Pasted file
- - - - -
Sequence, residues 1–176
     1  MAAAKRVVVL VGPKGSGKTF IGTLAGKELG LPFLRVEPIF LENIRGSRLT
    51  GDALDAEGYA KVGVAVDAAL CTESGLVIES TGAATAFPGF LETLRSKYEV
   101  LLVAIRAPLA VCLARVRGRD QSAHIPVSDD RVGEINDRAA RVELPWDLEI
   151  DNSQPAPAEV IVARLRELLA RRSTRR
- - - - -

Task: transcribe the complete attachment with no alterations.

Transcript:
Sequence, residues 1–176
     1  MAAAKRVVVL VGPKGSGKTF IGTLAGKELG LPFLRVEPIF LENIRGSRLT
    51  GDALDAEGYA KVGVAVDAAL CTESGLVIES TGAATAFPGF LETLRSKYEV
   101  LLVAIRAPLA VCLARVRGRD QSAHIPVSDD RVGEINDRAA RVELPWDLEI
   151  DNSQPAPAEV IVARLRELLA RRSTRR